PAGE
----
Hundreds Gather to Pray for Healing
By Michael McAuliffe email@example.com
Republican [Springfield MA]
February 19, 2004
SPRINGFIELD - Several hundred people from Western Massachusetts and beyond gathered last night for a prayer service at St. Michael's Cathedral, one week after Thomas L. Dupre retired as bishop following questions about the alleged sexual abuse of two boys years ago.
Monsignor Richard S. Sniezyk, the interim administrator of the Roman Catholic Diocese of Springfield, presided over the bilingual English-Spanish vespers service. Sniezyk acknowledged those in attendance came with "broken hearts" and "betrayed hearts," but he told fellow Catholics not to lose faith.
"If we turn away from the church, we turn away from one another," he said, adding: "We are presently suffering a crisis of faith, but in this new millennium we will hear Jesus say again to us ... 'Fear not, be not afraid. I am with you always, even to the end of the world.'"
Sniezyk said those gathered in the church included Catholics and non-Catholics, and that people had come from Hampden, Hampshire, Franklin and Berkshire counties - the area encompassed by the diocese - and beyond.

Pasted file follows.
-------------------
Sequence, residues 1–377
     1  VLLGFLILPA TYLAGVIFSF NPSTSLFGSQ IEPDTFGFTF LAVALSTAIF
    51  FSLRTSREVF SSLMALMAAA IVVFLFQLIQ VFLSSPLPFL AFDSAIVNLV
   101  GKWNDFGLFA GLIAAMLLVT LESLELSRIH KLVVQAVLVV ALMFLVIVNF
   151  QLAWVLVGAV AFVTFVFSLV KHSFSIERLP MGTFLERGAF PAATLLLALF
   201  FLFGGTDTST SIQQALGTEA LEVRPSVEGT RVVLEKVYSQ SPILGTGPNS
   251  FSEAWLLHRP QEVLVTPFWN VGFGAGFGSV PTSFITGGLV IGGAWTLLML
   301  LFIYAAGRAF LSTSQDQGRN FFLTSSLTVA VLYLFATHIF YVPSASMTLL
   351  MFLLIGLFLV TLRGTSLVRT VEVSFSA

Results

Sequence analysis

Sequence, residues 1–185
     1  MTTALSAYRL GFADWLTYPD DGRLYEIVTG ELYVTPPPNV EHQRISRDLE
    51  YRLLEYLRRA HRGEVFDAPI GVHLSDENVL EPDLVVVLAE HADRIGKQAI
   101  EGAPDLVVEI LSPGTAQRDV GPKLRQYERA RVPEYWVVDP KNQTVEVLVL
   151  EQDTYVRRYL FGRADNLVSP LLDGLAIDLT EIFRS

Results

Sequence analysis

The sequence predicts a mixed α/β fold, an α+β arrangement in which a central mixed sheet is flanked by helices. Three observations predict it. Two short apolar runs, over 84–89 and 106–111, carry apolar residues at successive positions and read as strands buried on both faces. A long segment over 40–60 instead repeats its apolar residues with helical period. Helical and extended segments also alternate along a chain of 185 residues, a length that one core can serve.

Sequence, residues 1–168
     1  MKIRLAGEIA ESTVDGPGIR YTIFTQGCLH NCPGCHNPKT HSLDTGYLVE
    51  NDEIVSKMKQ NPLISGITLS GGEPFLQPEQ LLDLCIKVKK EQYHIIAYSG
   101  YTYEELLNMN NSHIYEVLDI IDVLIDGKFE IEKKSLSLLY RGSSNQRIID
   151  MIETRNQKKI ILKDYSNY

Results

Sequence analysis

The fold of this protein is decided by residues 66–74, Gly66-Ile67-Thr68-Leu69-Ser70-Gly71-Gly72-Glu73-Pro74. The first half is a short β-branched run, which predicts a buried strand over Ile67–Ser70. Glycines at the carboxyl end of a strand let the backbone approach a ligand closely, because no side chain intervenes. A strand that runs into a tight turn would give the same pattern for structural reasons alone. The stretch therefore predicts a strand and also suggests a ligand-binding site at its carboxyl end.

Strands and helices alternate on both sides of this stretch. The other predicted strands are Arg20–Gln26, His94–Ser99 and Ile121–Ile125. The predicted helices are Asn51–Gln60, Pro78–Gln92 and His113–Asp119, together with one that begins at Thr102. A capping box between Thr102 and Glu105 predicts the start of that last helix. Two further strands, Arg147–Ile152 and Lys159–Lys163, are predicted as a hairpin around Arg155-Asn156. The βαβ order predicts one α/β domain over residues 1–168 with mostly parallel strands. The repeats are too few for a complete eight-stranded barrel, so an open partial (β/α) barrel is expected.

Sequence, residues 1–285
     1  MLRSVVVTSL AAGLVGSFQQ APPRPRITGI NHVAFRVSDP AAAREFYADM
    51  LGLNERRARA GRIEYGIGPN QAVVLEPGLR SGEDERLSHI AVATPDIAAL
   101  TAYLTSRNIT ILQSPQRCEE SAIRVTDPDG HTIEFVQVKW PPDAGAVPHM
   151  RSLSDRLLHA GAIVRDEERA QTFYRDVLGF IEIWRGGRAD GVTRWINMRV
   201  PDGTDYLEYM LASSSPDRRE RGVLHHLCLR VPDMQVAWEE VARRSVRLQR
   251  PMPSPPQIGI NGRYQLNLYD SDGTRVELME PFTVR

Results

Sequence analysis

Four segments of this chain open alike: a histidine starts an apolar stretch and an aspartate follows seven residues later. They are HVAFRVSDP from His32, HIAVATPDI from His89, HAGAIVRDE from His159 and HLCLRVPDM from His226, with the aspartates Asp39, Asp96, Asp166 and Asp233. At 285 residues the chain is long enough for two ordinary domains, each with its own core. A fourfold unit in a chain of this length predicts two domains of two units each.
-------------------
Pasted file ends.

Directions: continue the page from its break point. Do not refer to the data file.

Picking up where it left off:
Among those in attendance were the Most Rev. Joseph F. Maguire, bishop emeritus, and the Right Rev. Gordon P. Scruton, bishop of the Episcopal Diocese of Western Massachusetts.
Dupre, 70, who became bishop in 1995, checked himself into an undisclosed medical facility and retired last week after The Republican confronted him with detailed questions about whether he abused two boys beginning more than two decades ago. The Hampden County district attorney is investigating.
The newspaper learned of the alleged abuse through a tip, and the mother of one of the alleged victims said she confirmed the allegations with her son. She also said she sent Dupre an angry letter about the matter.
She said Dupre never responded to the letter, and that several weeks after she sent the letter Dupre told the newspaper he expected to resign earlier than the bishop's mandatory retirement age of 75. He cited heart problems as the reason for the likely early retirement, and the diocese said he sought Vatican approval - which was granted - to retire early.
Before last night's service, a number of those who attended spoke about coming to the cathedral.
"We're just hoping that it'll bring healing to the diocese," said Judithann M. Goonan of Chicopee.
"Priests are hurt," said Southwick resident Mary L. Guzik. "I've been talking to some of the priests this week."
As to Dupre, Guzik said, "I still actually have a lot of love and admiration for him, and I do feel for him."
Ronald S. Chmielewski of Springfield said he will no longer place priests on a pedestal.
"They're human beings like we are," said Chmielewski, who added he was "devasted" by the issue.
But Chmielewski also said his faith has not been broken.
"God didn't let me down," he said.